Making good on its promise to continue broadcasting and in line with founder Alki David’s assertion that the antenna-based Internet streaming service was willing and able to comply with all the procedural requirements of the compulsory licensing programme, FilmOn Networks has announced that its combination of teleporter technology and remote antennas will operate under Section 111 of the Copyright Act 1976.
“The Supreme Court ruling on ABC and Broadcasters v. Aereo on June 25, put an end to the use of remote antennas to stream broadcast signals, at least as a business plan for those who didn’t want to pay royalties,” says the company, claiming it was always willing to pay royalties and using Section 111 of the Copyright Act, would continue to provide local broadcast television from 18 markets to subscribers nationwide using its Teleporter technology.
According to the company, as CEO Alki David predicted during appearances on Bloomberg News in 2012 and 2013, the result of the Supreme Court hearings has been that FilmOn should be regulated just as any other cable company. In those interviews David makes it clear he has always been willing to pay licence fees to local TV broadcasters.
FilmOn Networks contends that the Networks were unable to make up their mind about how they wanted to handle the situation. “In 2010, well before Aereo launched, CBS Networks sued FilmOn arguing that it was not a cable company. More recently, in the case before the 9th Circuit – which is still pending – the Networks argued that FilmOn was a cable company,” it notes.
“Now that the Supreme Court has made a very clear designation of Aereo and FilmOn as cable companies, FilmOn has once again filed with the United States Copyright Office for Compulsory License under Section 111 of the Copyright Act of 1976. (It originally filed for the same licence in 2011 and the request was neither granted nor denied),” it advises.
According to FilmOn Networks, Justice Breyer’s remarks are very clear: If it functions like a cable company, it should be treated like a cable company. The likeness is called “overwhelming” and explained in great detail. “FilmOn meets all of the criteria,” asserts the company.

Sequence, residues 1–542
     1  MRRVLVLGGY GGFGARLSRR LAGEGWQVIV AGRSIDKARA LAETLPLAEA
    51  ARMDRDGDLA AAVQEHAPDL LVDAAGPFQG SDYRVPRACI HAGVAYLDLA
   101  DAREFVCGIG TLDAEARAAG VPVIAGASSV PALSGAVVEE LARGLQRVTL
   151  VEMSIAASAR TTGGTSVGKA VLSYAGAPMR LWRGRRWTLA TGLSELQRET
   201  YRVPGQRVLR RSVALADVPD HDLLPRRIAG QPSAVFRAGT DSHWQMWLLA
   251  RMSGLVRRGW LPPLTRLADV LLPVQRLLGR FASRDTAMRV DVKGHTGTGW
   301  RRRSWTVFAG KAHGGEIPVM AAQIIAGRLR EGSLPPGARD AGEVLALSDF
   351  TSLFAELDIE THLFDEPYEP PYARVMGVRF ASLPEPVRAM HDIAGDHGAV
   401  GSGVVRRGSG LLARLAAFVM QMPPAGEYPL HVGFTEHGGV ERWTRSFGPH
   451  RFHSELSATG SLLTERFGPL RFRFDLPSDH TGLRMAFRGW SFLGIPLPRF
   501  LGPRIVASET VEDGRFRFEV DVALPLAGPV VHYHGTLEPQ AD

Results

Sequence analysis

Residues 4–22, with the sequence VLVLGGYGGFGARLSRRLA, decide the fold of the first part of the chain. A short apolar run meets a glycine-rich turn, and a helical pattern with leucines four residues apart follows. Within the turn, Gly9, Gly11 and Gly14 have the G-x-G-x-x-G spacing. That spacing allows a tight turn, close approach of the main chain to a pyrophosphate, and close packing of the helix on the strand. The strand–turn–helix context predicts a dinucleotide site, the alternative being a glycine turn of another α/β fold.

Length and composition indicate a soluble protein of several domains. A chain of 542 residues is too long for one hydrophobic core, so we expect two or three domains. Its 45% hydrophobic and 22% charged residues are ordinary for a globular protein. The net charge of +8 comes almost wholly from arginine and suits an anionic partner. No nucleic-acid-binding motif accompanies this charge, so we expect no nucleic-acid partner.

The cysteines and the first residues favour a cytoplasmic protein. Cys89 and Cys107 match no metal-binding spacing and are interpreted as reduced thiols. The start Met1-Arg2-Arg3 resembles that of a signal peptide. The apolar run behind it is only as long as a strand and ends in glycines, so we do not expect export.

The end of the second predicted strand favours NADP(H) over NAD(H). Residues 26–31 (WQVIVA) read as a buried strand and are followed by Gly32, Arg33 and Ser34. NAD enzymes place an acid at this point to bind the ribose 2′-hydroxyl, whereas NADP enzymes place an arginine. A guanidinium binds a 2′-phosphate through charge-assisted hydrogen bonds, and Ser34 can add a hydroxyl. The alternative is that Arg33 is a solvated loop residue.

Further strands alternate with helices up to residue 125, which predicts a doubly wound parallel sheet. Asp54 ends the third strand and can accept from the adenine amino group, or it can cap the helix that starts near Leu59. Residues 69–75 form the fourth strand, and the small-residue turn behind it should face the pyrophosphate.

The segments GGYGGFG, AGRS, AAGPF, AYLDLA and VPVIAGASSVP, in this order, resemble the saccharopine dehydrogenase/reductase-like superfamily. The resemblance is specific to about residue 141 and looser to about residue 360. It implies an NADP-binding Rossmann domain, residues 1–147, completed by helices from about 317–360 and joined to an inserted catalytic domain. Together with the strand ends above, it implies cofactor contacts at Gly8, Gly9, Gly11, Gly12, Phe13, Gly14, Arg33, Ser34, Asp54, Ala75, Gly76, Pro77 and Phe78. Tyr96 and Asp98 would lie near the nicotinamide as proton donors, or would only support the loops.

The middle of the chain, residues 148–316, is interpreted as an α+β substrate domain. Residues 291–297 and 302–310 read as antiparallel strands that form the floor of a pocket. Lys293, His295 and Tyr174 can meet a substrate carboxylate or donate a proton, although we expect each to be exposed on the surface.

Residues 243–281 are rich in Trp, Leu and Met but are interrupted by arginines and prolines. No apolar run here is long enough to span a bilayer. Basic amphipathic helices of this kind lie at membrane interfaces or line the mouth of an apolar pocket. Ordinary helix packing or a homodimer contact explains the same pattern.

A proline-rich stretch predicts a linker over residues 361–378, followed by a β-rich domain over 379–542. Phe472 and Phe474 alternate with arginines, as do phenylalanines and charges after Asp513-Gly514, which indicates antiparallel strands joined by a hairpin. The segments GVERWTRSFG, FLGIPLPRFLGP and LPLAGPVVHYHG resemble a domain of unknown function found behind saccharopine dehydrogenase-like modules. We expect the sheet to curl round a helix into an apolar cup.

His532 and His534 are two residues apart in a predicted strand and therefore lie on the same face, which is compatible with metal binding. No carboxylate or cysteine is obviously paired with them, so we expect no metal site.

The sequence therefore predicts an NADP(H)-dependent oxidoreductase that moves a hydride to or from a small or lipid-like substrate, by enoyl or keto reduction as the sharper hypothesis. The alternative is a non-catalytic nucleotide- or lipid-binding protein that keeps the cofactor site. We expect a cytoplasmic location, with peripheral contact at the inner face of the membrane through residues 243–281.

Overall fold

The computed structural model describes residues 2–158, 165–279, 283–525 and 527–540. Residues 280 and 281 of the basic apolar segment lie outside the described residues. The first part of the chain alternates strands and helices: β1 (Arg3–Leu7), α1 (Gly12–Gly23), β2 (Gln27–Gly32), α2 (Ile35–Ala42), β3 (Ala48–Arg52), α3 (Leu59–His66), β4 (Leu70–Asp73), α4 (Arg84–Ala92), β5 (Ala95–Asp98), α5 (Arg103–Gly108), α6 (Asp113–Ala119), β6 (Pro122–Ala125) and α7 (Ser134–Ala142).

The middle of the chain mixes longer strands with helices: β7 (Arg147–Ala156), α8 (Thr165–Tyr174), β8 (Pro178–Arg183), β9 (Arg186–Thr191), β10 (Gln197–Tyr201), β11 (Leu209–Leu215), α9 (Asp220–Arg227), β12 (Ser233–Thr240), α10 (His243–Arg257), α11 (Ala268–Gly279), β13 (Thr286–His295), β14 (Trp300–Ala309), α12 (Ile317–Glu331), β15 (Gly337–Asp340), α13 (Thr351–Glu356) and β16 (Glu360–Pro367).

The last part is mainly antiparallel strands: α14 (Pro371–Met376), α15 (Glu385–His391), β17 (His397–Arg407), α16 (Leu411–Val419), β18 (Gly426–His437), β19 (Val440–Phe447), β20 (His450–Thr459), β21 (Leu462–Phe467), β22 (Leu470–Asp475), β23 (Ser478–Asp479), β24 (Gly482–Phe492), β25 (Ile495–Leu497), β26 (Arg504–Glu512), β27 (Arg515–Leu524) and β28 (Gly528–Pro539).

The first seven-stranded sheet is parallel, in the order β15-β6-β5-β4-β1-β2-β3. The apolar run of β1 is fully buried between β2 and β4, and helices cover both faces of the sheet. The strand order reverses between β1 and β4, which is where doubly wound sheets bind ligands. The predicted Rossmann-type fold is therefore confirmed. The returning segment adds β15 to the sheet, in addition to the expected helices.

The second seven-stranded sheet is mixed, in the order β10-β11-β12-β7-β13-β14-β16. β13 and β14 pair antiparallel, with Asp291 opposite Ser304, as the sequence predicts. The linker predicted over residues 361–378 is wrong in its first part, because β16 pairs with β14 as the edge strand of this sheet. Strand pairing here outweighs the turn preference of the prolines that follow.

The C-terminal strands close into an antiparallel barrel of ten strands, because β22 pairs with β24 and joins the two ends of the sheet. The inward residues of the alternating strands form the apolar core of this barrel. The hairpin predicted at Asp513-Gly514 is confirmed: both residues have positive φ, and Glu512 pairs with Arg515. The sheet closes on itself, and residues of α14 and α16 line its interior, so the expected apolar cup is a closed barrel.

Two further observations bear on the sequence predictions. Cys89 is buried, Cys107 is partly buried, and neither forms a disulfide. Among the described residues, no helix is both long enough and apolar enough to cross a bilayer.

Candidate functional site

“This was always about dragging the television business kicking and screaming into the 21st century,” says David. “FilmOn’s efforts were never about violating copyright as the Networks sought to portray it. The goal was always to deliver the experience consumers want and deserve, without exorbitant fees and the tyranny of bundling,” he states.
The broadcast channels that FilmOn receives through the antenna farms at issue in the Supreme Court case have been moved behind the paywall and only FilmOn.com subscribers can access them (still leaving 600 licensed channels and tens of thousands of VoDs available free), notes the company.
FilmOn Networks’ patented Teleporter system allows subscribers to borrow a remote computer desktop in any of 18 cities across America where FilmOn has a head end and view local television from those areas. This means the viewer is virtually visiting the region where the signals are being delivered, rather than the signals being streamed to the viewer. This virtual desktop is visible for a few seconds when the viewer first tunes in, in order to let him know he is ‘teleporting’ to another region.
The cities where local broadcasts are being received for transmission are Atlanta, Baltimore, Boston, Chicago, Dallas, Denver, Los Angeles, Miami, New York, North Bergen, Pheonix, Seattle, San Antonio, San Diego, San Francisco, San Jose, Tampa and Washington D.C.